Public backlash over the Central Provident Fund (CPF) payout mechanism has yet to die down.
Two Singaporeans have urged the authorities to make full CPF payout to members by the age of 70, in separate forum letters published by the national broadsheet.
Interest in CPF’s payout mechanism picked up last month when a rumour that the CPF Board may have changed the retirement sum Payout Eligibility Age (PEA) to 70 years old from 65 years old began making the rounds online.
Clarifying that this isn’t true, CPF Board said in a statement that the PEA is age 65. It added, however, that automatic Retirement Sum Scheme payouts will only start at the age of 70 if CPF members do not ask for their payouts to commence at age 65.
Singaporeans, however, have blasted the CPF Board and have asked why it did not set the automatic payout arrangement starting point to age 65 if all it wants to do is simplify the payout activation process.
In a letter published on Saturday (23 Feb), medical doctor Dr Ho Ting Fei made the case for revising the current CPF payout mechanism.
Noting Manpower Minister Josephine Teo’s statement that there was no advantage for the CPF Board or the Government to want members to defer payouts beyond 65, Dr Ho asked why the authorities don’t lower the automatic payout mechanism to age 65 instead of 70.
Arguing against the authorities’ stance that such a change would take “a long while for people to get used to,” Dr Ho said that this would be such a “easily-explained change” where all sides get what they want – those who need the money can receive it at age 65 while those who want the attractive interest rate can opt out for deferred payments.
“The payout at age 70 should include the entire Retirement Sum. The CPF Board should not hold on to the sums of every person who turns 70 and dispense it in monthly portions over the next 23 years until the person turns 93.
“According to SingStat, only about 30 per cent of Singapore residents are expected to be alive at 90. What merit is there, then, in not paying out the entire Retirement Sum at 70?”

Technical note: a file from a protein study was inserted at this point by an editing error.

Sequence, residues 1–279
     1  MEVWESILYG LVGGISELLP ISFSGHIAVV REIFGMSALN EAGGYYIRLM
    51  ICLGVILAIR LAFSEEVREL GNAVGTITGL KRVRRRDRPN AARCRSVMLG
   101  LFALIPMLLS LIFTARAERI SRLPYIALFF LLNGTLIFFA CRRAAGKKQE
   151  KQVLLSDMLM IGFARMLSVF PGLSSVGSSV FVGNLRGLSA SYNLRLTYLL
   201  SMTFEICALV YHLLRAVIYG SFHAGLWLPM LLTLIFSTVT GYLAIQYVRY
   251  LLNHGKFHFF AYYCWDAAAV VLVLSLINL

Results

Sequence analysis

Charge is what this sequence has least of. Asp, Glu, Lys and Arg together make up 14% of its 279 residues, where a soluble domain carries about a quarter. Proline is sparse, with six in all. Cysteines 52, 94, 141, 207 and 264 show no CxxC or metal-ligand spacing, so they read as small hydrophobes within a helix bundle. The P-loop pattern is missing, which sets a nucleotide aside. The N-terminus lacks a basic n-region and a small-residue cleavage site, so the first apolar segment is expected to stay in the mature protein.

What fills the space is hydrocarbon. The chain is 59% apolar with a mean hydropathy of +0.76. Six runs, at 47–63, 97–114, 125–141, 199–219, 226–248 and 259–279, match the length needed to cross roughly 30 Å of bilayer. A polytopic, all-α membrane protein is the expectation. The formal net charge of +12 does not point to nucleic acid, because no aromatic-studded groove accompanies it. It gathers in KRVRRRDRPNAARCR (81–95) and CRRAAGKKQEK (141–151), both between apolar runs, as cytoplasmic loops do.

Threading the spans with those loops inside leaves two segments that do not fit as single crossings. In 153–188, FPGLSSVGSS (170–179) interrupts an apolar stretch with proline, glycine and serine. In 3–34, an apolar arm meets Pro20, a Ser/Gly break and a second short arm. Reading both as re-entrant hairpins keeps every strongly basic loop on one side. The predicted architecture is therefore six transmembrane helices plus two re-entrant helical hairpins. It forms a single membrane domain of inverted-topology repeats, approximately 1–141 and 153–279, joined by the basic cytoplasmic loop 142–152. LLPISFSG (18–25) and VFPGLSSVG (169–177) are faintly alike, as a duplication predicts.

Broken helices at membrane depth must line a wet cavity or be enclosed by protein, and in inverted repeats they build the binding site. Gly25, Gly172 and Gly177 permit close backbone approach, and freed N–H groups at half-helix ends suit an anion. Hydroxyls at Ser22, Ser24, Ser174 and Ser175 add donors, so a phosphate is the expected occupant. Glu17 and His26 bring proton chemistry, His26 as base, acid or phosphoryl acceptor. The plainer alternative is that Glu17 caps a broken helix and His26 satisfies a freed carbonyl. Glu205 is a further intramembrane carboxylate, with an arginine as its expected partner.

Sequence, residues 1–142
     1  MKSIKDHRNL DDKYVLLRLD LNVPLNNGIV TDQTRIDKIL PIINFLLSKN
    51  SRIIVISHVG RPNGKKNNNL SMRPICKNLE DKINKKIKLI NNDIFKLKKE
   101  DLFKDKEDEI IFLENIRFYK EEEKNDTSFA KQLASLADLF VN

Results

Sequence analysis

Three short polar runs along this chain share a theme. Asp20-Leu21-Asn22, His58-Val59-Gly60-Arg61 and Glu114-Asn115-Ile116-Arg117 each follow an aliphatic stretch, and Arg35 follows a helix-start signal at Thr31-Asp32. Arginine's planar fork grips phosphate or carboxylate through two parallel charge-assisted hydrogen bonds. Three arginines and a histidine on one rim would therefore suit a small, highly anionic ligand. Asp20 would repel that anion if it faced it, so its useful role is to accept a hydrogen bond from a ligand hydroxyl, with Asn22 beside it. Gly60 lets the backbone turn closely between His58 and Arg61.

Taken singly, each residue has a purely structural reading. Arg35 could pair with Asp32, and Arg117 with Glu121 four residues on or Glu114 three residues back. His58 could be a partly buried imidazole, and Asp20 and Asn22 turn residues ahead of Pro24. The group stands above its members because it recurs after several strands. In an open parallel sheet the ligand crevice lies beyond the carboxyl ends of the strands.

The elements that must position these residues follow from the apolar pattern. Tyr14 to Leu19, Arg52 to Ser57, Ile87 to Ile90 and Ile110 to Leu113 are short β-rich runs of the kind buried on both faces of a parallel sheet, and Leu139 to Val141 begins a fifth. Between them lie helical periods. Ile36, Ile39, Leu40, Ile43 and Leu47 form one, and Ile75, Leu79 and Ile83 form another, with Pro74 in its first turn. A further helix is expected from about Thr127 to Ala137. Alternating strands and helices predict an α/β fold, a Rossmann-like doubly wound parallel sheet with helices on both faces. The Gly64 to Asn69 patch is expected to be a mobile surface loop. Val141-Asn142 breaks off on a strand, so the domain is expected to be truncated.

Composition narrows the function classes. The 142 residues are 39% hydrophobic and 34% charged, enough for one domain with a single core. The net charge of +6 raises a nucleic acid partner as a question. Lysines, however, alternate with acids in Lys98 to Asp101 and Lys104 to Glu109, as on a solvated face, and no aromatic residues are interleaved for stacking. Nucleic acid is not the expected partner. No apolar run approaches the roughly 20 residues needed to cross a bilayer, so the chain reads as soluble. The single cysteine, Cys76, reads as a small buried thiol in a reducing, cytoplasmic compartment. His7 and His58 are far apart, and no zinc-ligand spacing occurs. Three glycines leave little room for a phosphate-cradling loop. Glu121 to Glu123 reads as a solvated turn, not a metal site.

Calling on the Government to make policies “user-friendly and flexible enough to change when necessary,” Dr Ho said that the payout mechanism should be revised in a more compassionate manner given the life expectancy and needs of members.
Another forum letter writer seconded Dr Ho’s views. In a letter published on Tuesday (26 Feb), Mr Lawrence Loh Kiah Muan argued that CPF Board’s “rules and policies should be simple and logical, instead of being complicated, confusing and potentially contentious.”
Mr Loh also asserted that members should be able to withdraw their Retirement Sum at the retirement age of 62, since savings from the Ordinary Account can be withdrawn at the age of 55. He asked: “What is the rationale for starting payouts at the ages of 65 to 70, when the minimum retirement age is 62?”
Echoing Dr Ho’s calls to consider revising CPF policies given life expectancies and to make full CPF payout by age 70, Mr Loh suggested that CPF Board could compute monthly payouts up to the average lifespan and allow the balance to be withdrawn at the age of 70.
He asserted: “Ultimately, CPF savings belong to the members, and they should have more say in how they can be used.”
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